Better placed was Bulgaria's northern neighbour, Romania, which is able to produce over half the gas it needs, and imports only about a third of its consumption from Russia. But Romania too declared a "national emergency" in the energy sector, allowing utility providers to make use of fuel oil from national reserves to meet consumer needs, though utility companies announced they are having technical difficulties replacing gas with other fuels. Levels of industrial production were reduced.
Russian officials have been saying the problem was caused by the transition country, Ukraine, rather than by issues with the Russian supply. Ukraine, in its turn, blamed Russia. But what can countries in Eastern Europe do to make sure they do not experience similar energy shortages in the future?
At a press conference for foreign journalists Thursday, Prime Minister Vladimir Putin directly addressed a Romanian reporter from national television TVR, telling him that Russia was ready to start supplying gas to Romania any time, without using Ukraine as intermediary.
"I have an offer for Romania which will be difficult to refuse, please send this message to your president," Putin told the Romanian reporter. "We are ready to give your state companies the whole volume of gas we are currently delivering to Ukraine," said Putin, "and then you are free to sell it to Kiev."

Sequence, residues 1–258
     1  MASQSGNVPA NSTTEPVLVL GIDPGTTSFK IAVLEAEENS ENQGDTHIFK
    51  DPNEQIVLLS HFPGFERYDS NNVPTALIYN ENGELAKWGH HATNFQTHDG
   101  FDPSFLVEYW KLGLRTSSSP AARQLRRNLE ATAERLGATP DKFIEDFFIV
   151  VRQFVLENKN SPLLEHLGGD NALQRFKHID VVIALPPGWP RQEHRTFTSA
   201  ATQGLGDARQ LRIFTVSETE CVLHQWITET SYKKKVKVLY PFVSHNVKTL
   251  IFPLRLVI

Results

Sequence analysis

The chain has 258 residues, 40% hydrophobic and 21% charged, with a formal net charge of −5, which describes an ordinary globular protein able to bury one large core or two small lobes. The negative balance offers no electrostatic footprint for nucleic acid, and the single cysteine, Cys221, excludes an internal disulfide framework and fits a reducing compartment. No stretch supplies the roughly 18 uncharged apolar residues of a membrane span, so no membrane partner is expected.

Like the rest of Europe, Romania is currently getting its imports of Russian gas through pipelines passing through Ukraine, there being no major alternative routes.
Ever since President Traian Basescu came to power in 2004, relations between Romania and Russia have been tense, especially in the energy sector. The possibility of creating alternative gas transit routes between Russia and Romania has not even been discussed.
Basescu has instead been arguing for increased independence from Russian energy. The Romanian president has been one of the main promoters of Nabucco, a pipeline project meant to bring gas from Azerbaijan and possibly Iran, bypassing Russian transport infrastructure. Nabucco would transit Turkey, Bulgaria, Romania and Hungary, and end up in Austria. It could potentially supply 5 percent of Europe's gas needs.
While the European Union (EU) has nominally embraced the project, not much progress has been made in concretising it. Meanwhile, Russia is arranging the building of an alternative pipeline, South Stream, to take Russian gas to Europe through Turkey, Bulgaria, Serbia and Hungary. Hungary and Bulgaria, which had initially committed to Nabucco, have since been negotiating their participation in South Stream. Romania has kept to its position of promoting Nabucco.
But Putin now says "we are not against Romania participating in South Stream." Energy analysts point out that bringing gas from Russia to the Romanian port Constanta rather than Bulgarian Varna might be cheaper.
Romanian authorities have not responded to Putin's informal proposal. Even though the chances for Nabucco to become reality are decreasing by the day, the country has enough gas for the moment to play the waiting game.